Protecting your content

Categories: knowledgebase, Updates, WEB 3.0 news | Posted on Dec 29, 2017

How do you protect your content from being copied and shared? This is a challenge every product creator faces when selling his/her products. CDs and DVDs can be ripped, mp4 files posted on torrent sites, and PDFs can be shared around as easily as sending an attachment on an email. The sad truth is EVERYTHING can be copied. But, there are steps you can take to minimise the impact on your business!

1. Include a prominent copyright notice. Put a copyright notice at the beginning of the audio/podcast, video, software license or PDF.2. Brand the content by embedding your logo/brand. PDFs can be branded on every page ( see – (https://helpx.adobe.com/acrobat/using/add-watermarks-pdfs.html) and videos can have a logo embedded throughout.

3. Personalise the content – If you have the time, you can set a unique password and/or brand a PDF document with a customer’s name too – that way, the customer will know that if they share the document, it can easily be traced back to them.  NOTE: You could add a notice stating that the PDF is tracked to the reader. This works like a fake security camera protecting a property. people are not sure if they are being filmed ( or, in this case, whether the PDF is being tracked and that is enough to stop them committing an illegal act.)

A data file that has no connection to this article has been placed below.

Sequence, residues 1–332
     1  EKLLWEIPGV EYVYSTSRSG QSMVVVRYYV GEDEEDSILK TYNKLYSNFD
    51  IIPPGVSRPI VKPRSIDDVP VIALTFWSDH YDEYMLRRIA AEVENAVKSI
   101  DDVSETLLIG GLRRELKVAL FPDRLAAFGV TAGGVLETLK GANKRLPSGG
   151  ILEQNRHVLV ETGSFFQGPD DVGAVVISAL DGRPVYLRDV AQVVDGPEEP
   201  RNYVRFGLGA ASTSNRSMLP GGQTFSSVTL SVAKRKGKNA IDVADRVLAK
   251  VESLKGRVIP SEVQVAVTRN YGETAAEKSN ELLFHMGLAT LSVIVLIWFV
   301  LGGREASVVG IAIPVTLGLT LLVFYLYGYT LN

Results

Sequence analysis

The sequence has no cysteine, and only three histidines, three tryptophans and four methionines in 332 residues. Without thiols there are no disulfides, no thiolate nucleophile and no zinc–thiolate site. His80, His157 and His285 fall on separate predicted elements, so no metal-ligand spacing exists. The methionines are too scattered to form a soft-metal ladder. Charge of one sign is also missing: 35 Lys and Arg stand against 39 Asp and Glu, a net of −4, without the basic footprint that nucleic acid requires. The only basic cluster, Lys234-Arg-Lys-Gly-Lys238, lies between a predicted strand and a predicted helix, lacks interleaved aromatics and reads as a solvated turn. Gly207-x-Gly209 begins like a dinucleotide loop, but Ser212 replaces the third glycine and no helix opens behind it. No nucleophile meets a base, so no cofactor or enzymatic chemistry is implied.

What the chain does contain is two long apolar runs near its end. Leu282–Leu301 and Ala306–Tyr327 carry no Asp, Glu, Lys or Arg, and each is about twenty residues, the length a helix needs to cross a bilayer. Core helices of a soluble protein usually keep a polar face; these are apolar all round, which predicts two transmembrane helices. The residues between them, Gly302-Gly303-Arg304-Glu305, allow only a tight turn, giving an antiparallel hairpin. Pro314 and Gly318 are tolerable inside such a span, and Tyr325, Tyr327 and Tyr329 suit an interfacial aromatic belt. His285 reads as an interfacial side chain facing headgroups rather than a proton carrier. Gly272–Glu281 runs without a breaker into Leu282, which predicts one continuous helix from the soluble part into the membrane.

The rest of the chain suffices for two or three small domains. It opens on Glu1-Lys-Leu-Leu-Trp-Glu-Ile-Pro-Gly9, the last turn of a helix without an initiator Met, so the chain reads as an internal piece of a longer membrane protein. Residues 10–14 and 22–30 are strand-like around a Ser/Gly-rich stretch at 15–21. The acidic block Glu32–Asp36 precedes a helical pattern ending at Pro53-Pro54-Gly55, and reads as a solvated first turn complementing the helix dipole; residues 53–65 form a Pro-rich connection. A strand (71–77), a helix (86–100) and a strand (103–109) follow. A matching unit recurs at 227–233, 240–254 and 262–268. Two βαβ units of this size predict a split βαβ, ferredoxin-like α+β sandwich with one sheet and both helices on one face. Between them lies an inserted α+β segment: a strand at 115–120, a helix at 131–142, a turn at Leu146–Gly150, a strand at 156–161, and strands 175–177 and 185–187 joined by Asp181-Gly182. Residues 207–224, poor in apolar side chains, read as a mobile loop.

4. Embed the content inside a members’ area and stop right clicks. This can be done easily with WordPress. Use any membership site plugin. (I like Instamember – click to view –   but you could use any membership plugin ). Then use a plugin to stop right-click copying. Here is a free one – https://en-gb.wordpress.org/plugins/disable-right-click/

5. Use specialist publishing sites and services. E.g. Showing videos on Vimeo, or putting audio on podcast apps, embedding written content inside native mobile apps , or you could even send a report to the customer’s Kindle. These services make it that much harder for files to be shared. (Sending a file to someone’s Kindle stops any further distribution although, of course, there is nothing to stop a person re-typing the content (which some people do!).

Ultimately, my advice is to make sure that your content is as well packaged as possible. Yes, some people will try to copy it, but they will be the minority and, if you make it clear that your content is copyrighted and that copying is illegal, the majority of users will respect that.

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